It should be no surprise that there are competing views of geospatial intelligence analysis. One school of thought is that intuition, experience, and subjective judgment predominate. Analysis here is an art, and non-quantitative methods predominate. Another school of thought is that quantitative data and analysis are most relevant. Analysis here is a science, and quantitative methods predominate. This controversy somewhat mirrors a long-standing debate in the intelligence community: if good analysis depends largely on subjective, intuitive judgment (an art) or systematic analytic methods (a science). Understanding this question is important to developing an effective approach to geospatial intelligence creation. To help understand these points of view, I will define the terms using the Merriam-Webster Collegiate Dictionary, tenth edition, as:
- Art - the conscious use of skill and creative imagination in the production of aesthetic objects.
- Science - knowledge or a system of knowledge covering general truths or the operation of general laws, especially as obtained and tested through scientific method.
Interestingly, there are those that consider integrative geospatial data tools, such as those found in GIS, as primarily aids to intuition and experience-based analysis and not the application of quantitative analytic methods. This seems contrary to the technical capabilities GIS brings to the geospatial intelligence. It is sufficient to say that there is no bright dividing line between art and science, and a pure scientific approach to geospatial analysis is undesirable. The dissatisfaction with the push toward a science perspective in GIS has been seen as a step backwards by some. In their thinking, GIS’s models and analysis methods are not rich enough in geographical concepts and understanding.
Geospatial intelligence is geospatial analysis, and geospatial analysis, at its core, is geography. Geography is both the conscious use of creative imagination in the representations of the earth and the science of developing general truths about the earth. For something to be automatable, it must be modeled and the facts (inputs) quantified. Since a model is a simplified abstract view of the complex reality, the model represents a limited set of rules which allows an analyst to work out an answer if they have certain information. Quantifiability of the information is important because unquantifiable inputs cannot be tested, and thus unquantifiable results can neither be duplicated nor contradicted. However, we know that reliable models and data are not available for all analyses.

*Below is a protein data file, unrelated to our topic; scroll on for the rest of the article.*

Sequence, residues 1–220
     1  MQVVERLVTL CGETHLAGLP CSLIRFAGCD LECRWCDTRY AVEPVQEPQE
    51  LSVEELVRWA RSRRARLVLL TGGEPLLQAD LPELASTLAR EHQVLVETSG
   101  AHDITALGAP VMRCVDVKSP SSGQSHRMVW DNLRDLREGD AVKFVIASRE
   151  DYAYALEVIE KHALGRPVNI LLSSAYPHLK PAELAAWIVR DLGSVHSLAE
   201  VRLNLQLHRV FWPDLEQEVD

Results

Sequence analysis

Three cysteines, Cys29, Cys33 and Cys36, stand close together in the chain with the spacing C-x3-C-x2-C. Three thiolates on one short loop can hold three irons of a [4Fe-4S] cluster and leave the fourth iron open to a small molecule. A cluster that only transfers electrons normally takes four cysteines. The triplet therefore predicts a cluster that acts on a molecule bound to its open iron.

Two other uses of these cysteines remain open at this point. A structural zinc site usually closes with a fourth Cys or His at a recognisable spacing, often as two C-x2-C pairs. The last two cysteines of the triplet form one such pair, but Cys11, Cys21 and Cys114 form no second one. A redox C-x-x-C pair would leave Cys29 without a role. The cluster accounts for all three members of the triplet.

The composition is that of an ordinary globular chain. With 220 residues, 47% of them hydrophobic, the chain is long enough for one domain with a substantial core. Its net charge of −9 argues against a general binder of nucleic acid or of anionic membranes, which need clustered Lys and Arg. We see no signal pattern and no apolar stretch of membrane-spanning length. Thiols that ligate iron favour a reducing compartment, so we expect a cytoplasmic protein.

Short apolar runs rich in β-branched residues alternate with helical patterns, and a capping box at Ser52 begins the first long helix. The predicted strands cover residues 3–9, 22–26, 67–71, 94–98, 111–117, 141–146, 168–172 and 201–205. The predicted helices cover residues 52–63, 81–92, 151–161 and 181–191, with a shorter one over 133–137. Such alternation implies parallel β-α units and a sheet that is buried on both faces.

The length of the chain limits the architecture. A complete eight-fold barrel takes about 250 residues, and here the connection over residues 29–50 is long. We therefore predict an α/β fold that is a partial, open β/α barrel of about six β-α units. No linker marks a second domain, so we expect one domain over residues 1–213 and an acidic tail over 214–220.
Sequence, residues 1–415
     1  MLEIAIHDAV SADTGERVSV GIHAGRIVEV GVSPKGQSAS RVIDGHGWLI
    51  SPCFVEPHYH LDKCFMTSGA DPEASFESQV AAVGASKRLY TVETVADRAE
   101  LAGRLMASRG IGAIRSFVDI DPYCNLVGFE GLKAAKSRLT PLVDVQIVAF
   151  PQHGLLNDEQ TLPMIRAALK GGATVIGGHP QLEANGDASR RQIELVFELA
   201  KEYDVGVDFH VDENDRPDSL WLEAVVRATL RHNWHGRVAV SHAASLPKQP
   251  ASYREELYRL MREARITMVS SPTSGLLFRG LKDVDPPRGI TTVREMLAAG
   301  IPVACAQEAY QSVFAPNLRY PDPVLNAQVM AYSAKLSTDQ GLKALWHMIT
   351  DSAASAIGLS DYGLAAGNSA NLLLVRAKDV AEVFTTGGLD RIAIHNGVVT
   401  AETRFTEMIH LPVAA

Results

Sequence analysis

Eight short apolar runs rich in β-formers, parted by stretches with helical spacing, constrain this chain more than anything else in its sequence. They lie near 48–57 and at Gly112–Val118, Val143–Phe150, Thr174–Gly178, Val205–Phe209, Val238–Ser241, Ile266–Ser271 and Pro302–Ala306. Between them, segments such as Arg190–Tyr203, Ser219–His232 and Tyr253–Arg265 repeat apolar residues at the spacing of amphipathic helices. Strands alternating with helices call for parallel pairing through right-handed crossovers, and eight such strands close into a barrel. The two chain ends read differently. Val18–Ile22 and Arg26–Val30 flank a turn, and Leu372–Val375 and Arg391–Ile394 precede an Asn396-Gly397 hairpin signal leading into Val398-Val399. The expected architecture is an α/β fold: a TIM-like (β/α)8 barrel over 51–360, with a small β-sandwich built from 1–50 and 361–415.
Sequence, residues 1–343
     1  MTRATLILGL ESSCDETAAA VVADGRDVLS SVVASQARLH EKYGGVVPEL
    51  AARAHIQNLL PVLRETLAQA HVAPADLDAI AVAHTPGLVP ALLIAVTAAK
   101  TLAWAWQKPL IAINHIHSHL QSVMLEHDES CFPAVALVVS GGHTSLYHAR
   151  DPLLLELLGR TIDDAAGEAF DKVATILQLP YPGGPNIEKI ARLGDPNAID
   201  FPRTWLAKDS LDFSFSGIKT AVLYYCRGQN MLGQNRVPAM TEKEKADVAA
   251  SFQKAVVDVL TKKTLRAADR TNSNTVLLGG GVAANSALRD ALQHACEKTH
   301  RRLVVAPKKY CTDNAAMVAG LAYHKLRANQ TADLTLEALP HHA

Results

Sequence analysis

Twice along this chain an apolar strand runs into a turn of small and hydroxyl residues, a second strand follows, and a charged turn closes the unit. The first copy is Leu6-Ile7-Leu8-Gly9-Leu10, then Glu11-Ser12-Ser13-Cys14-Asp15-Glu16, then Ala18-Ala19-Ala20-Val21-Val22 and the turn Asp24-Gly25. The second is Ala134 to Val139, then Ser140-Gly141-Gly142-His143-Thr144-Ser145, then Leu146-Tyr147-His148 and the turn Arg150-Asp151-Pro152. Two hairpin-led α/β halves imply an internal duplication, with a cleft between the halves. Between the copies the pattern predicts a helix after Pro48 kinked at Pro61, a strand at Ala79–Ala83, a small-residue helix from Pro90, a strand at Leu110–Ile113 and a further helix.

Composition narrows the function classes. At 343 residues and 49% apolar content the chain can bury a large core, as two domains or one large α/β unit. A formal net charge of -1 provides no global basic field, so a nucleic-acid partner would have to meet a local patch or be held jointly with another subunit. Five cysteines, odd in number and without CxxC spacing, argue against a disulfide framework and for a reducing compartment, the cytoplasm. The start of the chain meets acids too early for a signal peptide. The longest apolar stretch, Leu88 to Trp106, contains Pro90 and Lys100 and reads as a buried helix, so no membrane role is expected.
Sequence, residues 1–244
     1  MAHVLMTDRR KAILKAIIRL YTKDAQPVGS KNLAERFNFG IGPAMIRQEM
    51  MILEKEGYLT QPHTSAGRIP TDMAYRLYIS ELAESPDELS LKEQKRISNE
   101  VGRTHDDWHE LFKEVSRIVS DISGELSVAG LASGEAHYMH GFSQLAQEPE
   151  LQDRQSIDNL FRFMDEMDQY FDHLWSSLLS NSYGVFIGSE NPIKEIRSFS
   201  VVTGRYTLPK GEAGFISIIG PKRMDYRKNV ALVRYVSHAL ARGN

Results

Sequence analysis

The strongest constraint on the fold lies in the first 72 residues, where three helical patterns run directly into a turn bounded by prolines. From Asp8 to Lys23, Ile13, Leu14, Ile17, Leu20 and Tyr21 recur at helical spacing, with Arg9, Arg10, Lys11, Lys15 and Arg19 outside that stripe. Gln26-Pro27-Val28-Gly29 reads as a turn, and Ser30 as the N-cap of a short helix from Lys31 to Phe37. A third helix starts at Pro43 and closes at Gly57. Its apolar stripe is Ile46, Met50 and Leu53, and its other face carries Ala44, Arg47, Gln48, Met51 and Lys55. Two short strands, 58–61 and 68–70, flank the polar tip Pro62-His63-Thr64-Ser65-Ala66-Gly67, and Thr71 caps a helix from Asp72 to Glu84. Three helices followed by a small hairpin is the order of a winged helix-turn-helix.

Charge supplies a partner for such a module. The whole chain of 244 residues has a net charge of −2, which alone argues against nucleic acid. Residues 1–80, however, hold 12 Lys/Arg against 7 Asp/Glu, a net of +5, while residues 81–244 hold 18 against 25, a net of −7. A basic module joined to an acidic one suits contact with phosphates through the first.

The table below illustrates the broad types of geospatial analyses. The lower right panel of the matrix identifies the ideal of analysis as a Scientific Process (upper right quadrant) in which there is good knowledge of the data and models surrounding an output. In the model, analysts understand the problem that confronts them and can take into account the key factors that bear on the problem. The notion of fixed-in-advance standard procedures typically plays an important role in such geospatial analysis.
However, many of the analytic tasks in geospatial intelligence fall outside of the scientific quadrant. Consider the Puzzle Solving Process (lower left) quadrant in which there is agreement on models, but disagreement on data. The notion of "hunting" for the data to solve the problem plays an important role in such analysis.
Analysis as an Opinion Process (upper left quadrant) is the opposite. In this analytic environment, there is agreement on data, but disagreement on model. Analysis is characterized by analysts involved in a struggle for influence, and decisions emerge from that struggle. This kind of analysis necessitates bargaining, accommodation, and consensus, as well as controversy. The bottom line is that conclusions are most often the result of bargaining between diverse and strongly held beliefs.
Intelligence analysis as a Heuristic Process (lower left quadrant) is the most contentious, with disagreement on data and models. Under these conditions, science and technology tools have significantly less direct relevance. Here, conclusions depend on parameters that change over the period the analysis is being made. As a consequence, the analytic process is experience-based . In the end, this is the framing of questions. They can only be framed, not solved, and thus the logic of argument and analysis is as important as the evidence.
Is geospatial intelligence an art or science? Analytic problems can fall into any of the four quadrants ---- you, the analyst, need to understand the problem solving environment and the nature of the problem solving process. The term “sensemaking” is used as a term to describe the analysis process. Sensemaking is defined is the deliberate effort to understand events using explanatory structure that defines entities by describing their relationship to other entities. Data elicit and help to construct the frame; the frame defines, connects, and filters the data.